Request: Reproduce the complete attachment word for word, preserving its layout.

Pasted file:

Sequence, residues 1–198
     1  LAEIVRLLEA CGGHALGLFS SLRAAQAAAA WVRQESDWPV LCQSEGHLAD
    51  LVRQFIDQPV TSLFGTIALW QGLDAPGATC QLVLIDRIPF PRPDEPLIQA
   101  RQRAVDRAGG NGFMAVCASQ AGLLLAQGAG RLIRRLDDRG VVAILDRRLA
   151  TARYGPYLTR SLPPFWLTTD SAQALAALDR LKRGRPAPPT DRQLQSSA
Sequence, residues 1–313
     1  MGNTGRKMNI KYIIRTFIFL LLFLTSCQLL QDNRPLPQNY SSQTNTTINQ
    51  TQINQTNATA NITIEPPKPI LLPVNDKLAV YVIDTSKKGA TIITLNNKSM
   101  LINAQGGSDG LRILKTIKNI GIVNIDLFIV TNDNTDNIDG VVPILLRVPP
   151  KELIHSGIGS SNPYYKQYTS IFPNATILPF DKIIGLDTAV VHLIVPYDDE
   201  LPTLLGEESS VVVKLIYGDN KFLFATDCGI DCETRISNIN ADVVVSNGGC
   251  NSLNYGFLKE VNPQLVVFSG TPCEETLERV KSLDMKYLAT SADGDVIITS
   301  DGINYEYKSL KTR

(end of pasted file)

Sequence, residues 1–198
     1  LAEIVRLLEA CGGHALGLFS SLRAAQAAAA WVRQESDWPV LCQSEGHLAD
    51  LVRQFIDQPV TSLFGTIALW QGLDAPGATC QLVLIDRIPF PRPDEPLIQA
   101  RQRAVDRAGG NGFMAVCASQ AGLLLAQGAG RLIRRLDDRG VVAILDRRLA
   151  TARYGPYLTR SLPPFWLTTD SAQALAALDR LKRGRPAPPT DRQLQSSA
Sequence, residues 1–313
     1  MGNTGRKMNI KYIIRTFIFL LLFLTSCQLL QDNRPLPQNY SSQTNTTINQ
    51  TQINQTNATA NITIEPPKPI LLPVNDKLAV YVIDTSKKGA TIITLNNKSM
   101  LINAQGGSDG LRILKTIKNI GIVNIDLFIV TNDNTDNIDG VVPILLRVPP
   151  KELIHSGIGS SNPYYKQYTS IFPNATILPF DKIIGLDTAV VHLIVPYDDE
   201  LPTLLGEESS VVVKLIYGDN KFLFATDCGI DCETRISNIN ADVVVSNGGC
   251  NSLNYGFLKE VNPQLVVFSG TPCEETLERV KSLDMKYLAT SADGDVIITS
   301  DGINYEYKSL KTR